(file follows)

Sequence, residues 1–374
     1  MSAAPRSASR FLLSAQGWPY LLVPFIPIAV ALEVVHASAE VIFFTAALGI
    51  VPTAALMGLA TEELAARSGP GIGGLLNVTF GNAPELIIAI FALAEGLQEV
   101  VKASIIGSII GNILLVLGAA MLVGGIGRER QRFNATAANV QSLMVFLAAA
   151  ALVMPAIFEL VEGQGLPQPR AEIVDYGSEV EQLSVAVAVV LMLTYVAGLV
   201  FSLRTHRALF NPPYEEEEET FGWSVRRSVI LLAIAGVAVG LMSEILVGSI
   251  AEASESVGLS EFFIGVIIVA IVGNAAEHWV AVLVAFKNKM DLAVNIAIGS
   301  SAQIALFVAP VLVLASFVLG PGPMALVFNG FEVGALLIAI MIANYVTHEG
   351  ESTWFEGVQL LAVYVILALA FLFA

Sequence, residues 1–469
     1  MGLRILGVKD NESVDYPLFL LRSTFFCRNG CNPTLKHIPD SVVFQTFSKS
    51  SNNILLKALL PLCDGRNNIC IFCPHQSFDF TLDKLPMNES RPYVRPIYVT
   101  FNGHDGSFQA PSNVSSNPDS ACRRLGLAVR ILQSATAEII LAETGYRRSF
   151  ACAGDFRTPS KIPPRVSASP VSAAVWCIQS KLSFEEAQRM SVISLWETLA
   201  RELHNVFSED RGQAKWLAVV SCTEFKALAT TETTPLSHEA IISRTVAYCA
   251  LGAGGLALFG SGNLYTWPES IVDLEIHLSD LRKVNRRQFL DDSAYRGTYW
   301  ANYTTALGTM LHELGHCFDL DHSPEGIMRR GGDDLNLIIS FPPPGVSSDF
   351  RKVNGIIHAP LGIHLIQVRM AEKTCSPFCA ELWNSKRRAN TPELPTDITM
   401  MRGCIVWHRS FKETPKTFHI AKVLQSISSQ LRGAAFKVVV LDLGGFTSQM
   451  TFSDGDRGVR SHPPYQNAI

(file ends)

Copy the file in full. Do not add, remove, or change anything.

Sequence, residues 1–374
     1  MSAAPRSASR FLLSAQGWPY LLVPFIPIAV ALEVVHASAE VIFFTAALGI
    51  VPTAALMGLA TEELAARSGP GIGGLLNVTF GNAPELIIAI FALAEGLQEV
   101  VKASIIGSII GNILLVLGAA MLVGGIGRER QRFNATAANV QSLMVFLAAA
   151  ALVMPAIFEL VEGQGLPQPR AEIVDYGSEV EQLSVAVAVV LMLTYVAGLV
   201  FSLRTHRALF NPPYEEEEET FGWSVRRSVI LLAIAGVAVG LMSEILVGSI
   251  AEASESVGLS EFFIGVIIVA IVGNAAEHWV AVLVAFKNKM DLAVNIAIGS
   301  SAQIALFVAP VLVLASFVLG PGPMALVFNG FEVGALLIAI MIANYVTHEG
   351  ESTWFEGVQL LAVYVILALA FLFA

Sequence, residues 1–469
     1  MGLRILGVKD NESVDYPLFL LRSTFFCRNG CNPTLKHIPD SVVFQTFSKS
    51  SNNILLKALL PLCDGRNNIC IFCPHQSFDF TLDKLPMNES RPYVRPIYVT
   101  FNGHDGSFQA PSNVSSNPDS ACRRLGLAVR ILQSATAEII LAETGYRRSF
   151  ACAGDFRTPS KIPPRVSASP VSAAVWCIQS KLSFEEAQRM SVISLWETLA
   201  RELHNVFSED RGQAKWLAVV SCTEFKALAT TETTPLSHEA IISRTVAYCA
   251  LGAGGLALFG SGNLYTWPES IVDLEIHLSD LRKVNRRQFL DDSAYRGTYW
   301  ANYTTALGTM LHELGHCFDL DHSPEGIMRR GGDDLNLIIS FPPPGVSSDF
   351  RKVNGIIHAP LGIHLIQVRM AEKTCSPFCA ELWNSKRRAN TPELPTDITM
   401  MRGCIVWHRS FKETPKTFHI AKVLQSISSQ LRGAAFKVVV LDLGGFTSQM
   451  TFSDGDRGVR SHPPYQNAI